6 Tips Pain-Free Injection Botox or Dermal Filler | SkinViva Training

6 Tips for Pain-Free Injection of Botox or Dermal Filler

By Dr Tim Pearce, MBChB BSc (Hons) MRCGP

The best botox or dermal filler injection is given after a good consultation that has reassured, relaxed and informed the client and enabled the clinician to really understand the aims and expectations of the client while matching that up with their skilled understanding of objective beauty.  

The perfect injection therefore comes as part of a process that starts before the needles are brought out. It’s helped of course by local anesthetic creams, but that’s obvious!  Once the needles are about to be used, there are six other aspects to an injection that help it look and feel as painless as possible.

1. Control the emotional tone

The clients experience will be affected by the emotional tone and body language of you the clinician.

  • Be calm, confident, and lead them with you verbally in the process.
  • Walk and move slowly and predictably.
  • Sign post your movements, for example,  “I’m just going to mark up your face with a pencil, then I will spend five minutes preparing my injections before I come back and the injections will begin”. 
  • Be positive in conversation, and try and keep their mind on more positive things.
  • Talk about holidays and good experiences.
  • Acknowledge anxiety and reassure them kindly.

2. Don’t just focus on the needle…

…be aware of all of your body when injecting

  • Your subject must be in a lying position at 45 degrees with good light, with space around them.
  • Be aware of the weight of your body, focus on feeling planted and secure.  Feet shoulder width apart.
  • Be sure you do not need to lean sideways or twist to reach your patient.
  • Have easy access to the injection point and ask your patient to move slightly to make it as easy as possible.

3. Stabilising the injection point

One of the easiest ways to improve an injection, increase control and decrease pain, bruising and swelling in the process, is to stabilise the point to be injected.

The skin must be stabilised in a way that resists the force of the needle pulling it as you try and penetrate the dermis. A well braced section of skin will be penetrated easily, cleanly and with less pain than an area that is loose and has the ability to move away from the force before suddenly being penetrated and springing back into the needle in an uncontrolled way.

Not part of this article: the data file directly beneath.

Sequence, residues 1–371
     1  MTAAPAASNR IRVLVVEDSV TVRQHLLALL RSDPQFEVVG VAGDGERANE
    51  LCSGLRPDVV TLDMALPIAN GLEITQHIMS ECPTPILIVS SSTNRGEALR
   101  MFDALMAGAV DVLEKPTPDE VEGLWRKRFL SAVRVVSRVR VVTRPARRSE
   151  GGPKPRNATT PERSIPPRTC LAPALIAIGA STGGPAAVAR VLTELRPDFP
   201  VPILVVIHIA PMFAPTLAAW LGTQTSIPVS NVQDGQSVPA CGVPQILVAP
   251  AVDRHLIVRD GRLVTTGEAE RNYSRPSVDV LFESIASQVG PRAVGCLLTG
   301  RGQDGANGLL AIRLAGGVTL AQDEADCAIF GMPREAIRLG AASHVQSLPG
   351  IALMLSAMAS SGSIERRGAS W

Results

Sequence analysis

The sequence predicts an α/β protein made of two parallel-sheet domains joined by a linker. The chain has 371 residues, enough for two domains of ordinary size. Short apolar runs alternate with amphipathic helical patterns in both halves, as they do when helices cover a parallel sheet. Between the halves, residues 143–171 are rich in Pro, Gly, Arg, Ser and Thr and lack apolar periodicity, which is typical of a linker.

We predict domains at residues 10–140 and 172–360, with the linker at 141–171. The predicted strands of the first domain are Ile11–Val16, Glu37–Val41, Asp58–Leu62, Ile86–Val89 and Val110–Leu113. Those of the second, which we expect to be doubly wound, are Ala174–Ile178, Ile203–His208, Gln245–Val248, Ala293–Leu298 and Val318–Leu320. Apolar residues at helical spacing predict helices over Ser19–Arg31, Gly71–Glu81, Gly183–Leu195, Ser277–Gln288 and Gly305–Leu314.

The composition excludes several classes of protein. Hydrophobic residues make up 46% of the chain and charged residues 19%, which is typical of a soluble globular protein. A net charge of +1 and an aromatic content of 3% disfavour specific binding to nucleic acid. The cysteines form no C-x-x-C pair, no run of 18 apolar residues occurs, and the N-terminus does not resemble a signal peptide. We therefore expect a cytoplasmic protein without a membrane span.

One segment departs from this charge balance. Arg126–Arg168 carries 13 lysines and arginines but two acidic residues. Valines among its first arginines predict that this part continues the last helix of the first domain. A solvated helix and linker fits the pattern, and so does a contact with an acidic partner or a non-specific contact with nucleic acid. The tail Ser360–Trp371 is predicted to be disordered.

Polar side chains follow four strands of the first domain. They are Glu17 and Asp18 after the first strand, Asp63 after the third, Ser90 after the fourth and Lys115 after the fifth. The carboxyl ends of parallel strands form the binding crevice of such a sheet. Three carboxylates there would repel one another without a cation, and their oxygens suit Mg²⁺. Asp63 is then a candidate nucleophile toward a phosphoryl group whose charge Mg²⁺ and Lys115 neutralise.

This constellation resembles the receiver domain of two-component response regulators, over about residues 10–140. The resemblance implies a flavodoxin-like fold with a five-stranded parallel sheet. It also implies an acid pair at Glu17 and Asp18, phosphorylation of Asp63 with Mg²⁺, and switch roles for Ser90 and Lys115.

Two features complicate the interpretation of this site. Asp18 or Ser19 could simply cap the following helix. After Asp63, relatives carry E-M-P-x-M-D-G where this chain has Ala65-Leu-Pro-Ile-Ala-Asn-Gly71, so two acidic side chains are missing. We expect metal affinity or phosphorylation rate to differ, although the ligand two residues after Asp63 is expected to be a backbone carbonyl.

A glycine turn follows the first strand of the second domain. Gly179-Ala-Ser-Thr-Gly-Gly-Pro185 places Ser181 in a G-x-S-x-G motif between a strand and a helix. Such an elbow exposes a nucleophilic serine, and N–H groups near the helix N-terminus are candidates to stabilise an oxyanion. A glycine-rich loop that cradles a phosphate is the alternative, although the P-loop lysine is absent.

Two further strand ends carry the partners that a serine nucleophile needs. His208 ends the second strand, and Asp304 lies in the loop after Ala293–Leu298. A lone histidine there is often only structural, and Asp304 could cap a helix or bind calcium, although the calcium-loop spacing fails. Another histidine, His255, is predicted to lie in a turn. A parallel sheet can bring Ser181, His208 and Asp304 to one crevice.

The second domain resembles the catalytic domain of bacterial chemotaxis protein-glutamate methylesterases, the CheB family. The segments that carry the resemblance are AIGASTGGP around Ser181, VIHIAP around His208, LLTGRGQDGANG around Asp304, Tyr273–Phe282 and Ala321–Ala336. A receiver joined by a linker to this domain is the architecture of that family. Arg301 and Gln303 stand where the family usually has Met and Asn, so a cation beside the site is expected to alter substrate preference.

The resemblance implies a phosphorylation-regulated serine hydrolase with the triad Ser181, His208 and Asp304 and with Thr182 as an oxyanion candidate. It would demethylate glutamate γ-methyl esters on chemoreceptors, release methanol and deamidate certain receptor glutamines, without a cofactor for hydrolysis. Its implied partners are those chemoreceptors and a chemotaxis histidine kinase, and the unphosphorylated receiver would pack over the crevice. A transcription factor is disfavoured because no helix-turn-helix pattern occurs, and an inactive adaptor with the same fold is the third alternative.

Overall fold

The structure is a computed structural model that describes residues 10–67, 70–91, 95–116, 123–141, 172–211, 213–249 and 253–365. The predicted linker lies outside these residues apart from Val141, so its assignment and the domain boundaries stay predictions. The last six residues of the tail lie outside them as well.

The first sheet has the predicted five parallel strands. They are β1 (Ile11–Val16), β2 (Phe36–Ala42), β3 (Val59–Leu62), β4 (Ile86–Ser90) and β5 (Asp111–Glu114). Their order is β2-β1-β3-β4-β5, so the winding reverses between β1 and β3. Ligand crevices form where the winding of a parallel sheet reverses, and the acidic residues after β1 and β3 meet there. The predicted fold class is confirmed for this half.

• Use your left hand (assuming you are right handed), either your thumb or forefinger to hold the skin you are about to inject.
  • Don’t be afraid to pull the skin taught rather than simply put pressure on it.  It’s the tightness that allows for a clean insertion.

4. Stabilise your injecting hand

A hand unstabilised except at the shoulder is pretty uncontrollable for for precise tasks.  The really fine movements you can achieve using your wrist and fingers are lost in the course movement of your upper arm.

The way to regain the control is to stabilise the joint anywhere below the elbow.  It’s common to use the little finger and rest that on another part of the face, but you can use any stable structure for a few seconds.

The mark of an experienced injector is the lack of inhibitions when resting on noses, and other parts of the face the novice is too embarrassed to touch.

5. Controlled needle insertion

This is best done in a deliberate rather than timid fashion, but not fast.  Think not only about the penetration and the end point of the needle, but about the entire course the needle takes while the bevel is on its way to the point you are aiming for.  A good dermal filler injection needs to be in a very precise plane of tissue.

This awareness of the whole journey rather than just the beginning and the end of the needle insertion dramatically increases accuracy, and reduces side effects like pain and bruising caused by crossing into more superficial or deeper planes of skin unintentionally.

6. Inject slowly

Pain is caused unnecessarily by injecting too quickly.  Expanding fluid in a tissue tears fibres apart, and doing it quickly will not allow enough time for the liquid to spread slowly, instead tearing a hole in tissue and causing increased pain and bruising.

Botox and Fillers Training Manchester

SkinViva Training Academy offers a comprehensive range of medical training courses for cosmetic and medical skin treatments.

Their courses are designed for medical professionals such as suitably qualified and registered medical professionals who wish to learn and build on their skills in delivering these procedures.

SkinViva Training was established by by Dr Tim Pearce MBChB BSc (Hons) MRCGP. The SkinViva Training team upholds high standards of clinical training providing a combination of fully-supervised practical experience together with essential theory.

For further information, to discuss which course is right for you, to enquire about availability or to book a training course please call 0161 850 2491, or email info@skinvivatraining.com.

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